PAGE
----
Subsequent to the signing of the agreement, Besaw was terminated for an alleged violation of its terms. The Union filed a grievance on Besaw's behalf, challenging the discharge, and also filed this proceeding alleging statutory violations in the process of the County's obtaining Besaw's acquiescence to the last-chance agreement. Prior to the hearing herein, the Respondent filed a motion to defer these proceedings to arbitration, inasmuch as the discharge grievance was still pending. The motion was denied, however, inasmuch as the pleadings herein raised statutory issues that would not likely be addressed in grievance arbitration. At hearing, the parties agreed to address only the issues surrounding the last-chance agreement and to take up the issue of the discharge in a separate grievance arbitration. Hence, the remedy awarded herein does not address the merits of the discharge or the associated issues of reinstatement and backpay.


The Complainant

The Complainant Union asserts that the Respondent's "take it or leave it" offer to Besaw was a form of "Boulwarism" and was a prohibited practice in that it reflected a refusal to bargain over the last-chance agreement, in violation of Secs. 11.70(3)(a)1 & 4, Stats. The Complainant asserts, further, that the Respondent's failure to notify the Union Representatives who are authorized to negotiate on behalf of Local 1903 was an additional violation of Secs. 111.70(3)(a)1 & 4. The Complainant asserts that notice to the Union representatives is the duty of the employer and cannot be imputed to either the employee or the Union Steward. Finally, the Complainant notes that the last-chance agreement required the employee to, in effect, modify the terms of the collective bargaining agreement by waiving the just cause provision and his right to grieve future discipline. Employees do not have authority to waive provisions of the labor contract and to include this provision in the agreement was an act of individual bargaining and an additional prohibited practice.

The Respondent

The Respondent asserts that to prevail the Complainant must prove, by a clear and satisfactory preponderance of the evidence, that the employer's conduct contained either a

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threat of reprisal or a promise of benefit that would tend to interfere with the employee's rights under Sec. 111.70(2), Stats. The Respondent asserts that the Complainant has failed to meet this burden.

The County had determined to terminate Besaw, but offered him the last-chance agreement as a means of saving his job. The County representatives urged Besaw to seek Union representation and adjourned the meeting on September 12 so that he could do so. On September 13, Besaw brought Union Steward Ed Carpenter to the meeting to represent him. Carpenter was given as much time as he wanted to meet with Besaw and the opportunity to contact other Union officials.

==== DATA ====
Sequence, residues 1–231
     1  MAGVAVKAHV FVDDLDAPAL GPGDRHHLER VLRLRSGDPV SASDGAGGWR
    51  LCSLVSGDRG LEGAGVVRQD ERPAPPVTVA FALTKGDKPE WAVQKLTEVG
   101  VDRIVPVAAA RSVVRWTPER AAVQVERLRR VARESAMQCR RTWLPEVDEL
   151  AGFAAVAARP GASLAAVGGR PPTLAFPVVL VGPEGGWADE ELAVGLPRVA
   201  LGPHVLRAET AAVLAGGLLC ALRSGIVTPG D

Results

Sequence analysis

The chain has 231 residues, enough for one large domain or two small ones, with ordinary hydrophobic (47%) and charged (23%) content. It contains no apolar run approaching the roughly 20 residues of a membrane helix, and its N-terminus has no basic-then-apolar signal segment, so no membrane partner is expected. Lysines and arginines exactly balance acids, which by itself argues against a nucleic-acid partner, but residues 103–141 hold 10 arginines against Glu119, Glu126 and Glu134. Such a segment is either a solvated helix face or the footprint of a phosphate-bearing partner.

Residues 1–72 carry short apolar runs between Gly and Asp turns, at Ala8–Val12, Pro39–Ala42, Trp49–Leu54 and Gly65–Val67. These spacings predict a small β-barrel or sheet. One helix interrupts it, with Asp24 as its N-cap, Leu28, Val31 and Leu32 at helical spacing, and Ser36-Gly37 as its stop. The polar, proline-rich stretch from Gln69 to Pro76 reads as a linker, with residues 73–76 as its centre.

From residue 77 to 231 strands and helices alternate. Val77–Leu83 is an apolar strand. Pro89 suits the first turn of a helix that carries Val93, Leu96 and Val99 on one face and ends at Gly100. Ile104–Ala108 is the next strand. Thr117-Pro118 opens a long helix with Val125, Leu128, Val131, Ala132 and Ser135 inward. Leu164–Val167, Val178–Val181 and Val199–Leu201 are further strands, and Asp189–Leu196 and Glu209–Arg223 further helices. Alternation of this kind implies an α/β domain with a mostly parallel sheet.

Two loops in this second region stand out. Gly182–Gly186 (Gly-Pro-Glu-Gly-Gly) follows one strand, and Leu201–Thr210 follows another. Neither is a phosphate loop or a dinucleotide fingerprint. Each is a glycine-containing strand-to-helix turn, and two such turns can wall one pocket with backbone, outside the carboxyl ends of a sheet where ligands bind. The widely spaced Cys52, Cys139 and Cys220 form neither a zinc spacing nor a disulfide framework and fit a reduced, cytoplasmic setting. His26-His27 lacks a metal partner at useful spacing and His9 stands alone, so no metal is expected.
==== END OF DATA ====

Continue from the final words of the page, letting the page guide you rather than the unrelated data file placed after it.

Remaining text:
It should be noted that the contract does not specify who in the Union must be contacted or present with reference to a last-chance agreement. Further, the County was under no obligation to offer Besaw such an agreement, but could have terminated him outright. The County contends, therefore, that its actions did not interfere with Besaw's rights under Sec. 111.70(2) and that the Complainant has failed to meet its burden.

There is also no evidence that the County failed to bargain over the terms of the last-chance agreement. Assuming arguendo that the County had such an obligation, the Union waived its right to negotiate by its inaction. At no time did the Union raise any objection to the terms of the agreement or request to bargain over them. The County is unaware of any presumption that a Union Steward is incompetent to make such determinations or any requirement that the County insist that the Steward take action with respect to demanding bargaining or contacting his superiors. Besaw and Carpenter signed the agreement freely and without coercion and the County cannot be held responsible for their failure to assert any right to bargain.

The Complainant in Reply

The Complainant asserts that the County has a duty to negotiate over mandatory subjects of bargaining. The last-chance agreement involved waiver of contract coverage, waiver of the right to present grievances, and bargaining individually with an employee and Union Steward, rather than the Union Representative and Local Bargaining Committee.

The employer has a right to discipline employees for just cause and had the Respondent terminated Besaw on September 12 or 13, that would not have been a per se violation of statute. Giving the employee a choice between termination and signing the agreement was a violation, however, because it involved a waiver of rights to protected activity.

The Complainant rebuts specific arguments of the Respondent as to the fact that the contract is silent as to how disciplinary maters are to be handled. Further, it is irrelevant to this matter whether Besaw had been disciplined before or the basis for the discipline on September 12. It is further incredible that Besaw and Carpenter were "not concerned" as contended by the County. It would not be possible for them to not be concerned under the